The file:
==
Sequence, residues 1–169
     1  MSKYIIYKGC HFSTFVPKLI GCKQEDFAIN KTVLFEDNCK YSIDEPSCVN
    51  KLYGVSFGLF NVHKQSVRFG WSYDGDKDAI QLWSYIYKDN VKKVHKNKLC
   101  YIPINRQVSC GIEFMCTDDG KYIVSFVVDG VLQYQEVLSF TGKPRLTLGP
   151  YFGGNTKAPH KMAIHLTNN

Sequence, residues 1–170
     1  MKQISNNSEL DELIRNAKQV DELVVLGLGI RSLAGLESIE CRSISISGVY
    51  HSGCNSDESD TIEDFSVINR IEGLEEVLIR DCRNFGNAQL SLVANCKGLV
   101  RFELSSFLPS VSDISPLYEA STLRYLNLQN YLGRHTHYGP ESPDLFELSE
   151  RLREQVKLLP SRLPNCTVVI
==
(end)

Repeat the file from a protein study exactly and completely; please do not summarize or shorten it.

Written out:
Sequence, residues 1–169
     1  MSKYIIYKGC HFSTFVPKLI GCKQEDFAIN KTVLFEDNCK YSIDEPSCVN
    51  KLYGVSFGLF NVHKQSVRFG WSYDGDKDAI QLWSYIYKDN VKKVHKNKLC
   101  YIPINRQVSC GIEFMCTDDG KYIVSFVVDG VLQYQEVLSF TGKPRLTLGP
   151  YFGGNTKAPH KMAIHLTNN

Sequence, residues 1–170
     1  MKQISNNSEL DELIRNAKQV DELVVLGLGI RSLAGLESIE CRSISISGVY
    51  HSGCNSDESD TIEDFSVINR IEGLEEVLIR DCRNFGNAQL SLVANCKGLV
   101  RFELSSFLPS VSDISPLYEA STLRYLNLQN YLGRHTHYGP ESPDLFELSE
   151  RLREQVKLLP SRLPNCTVVI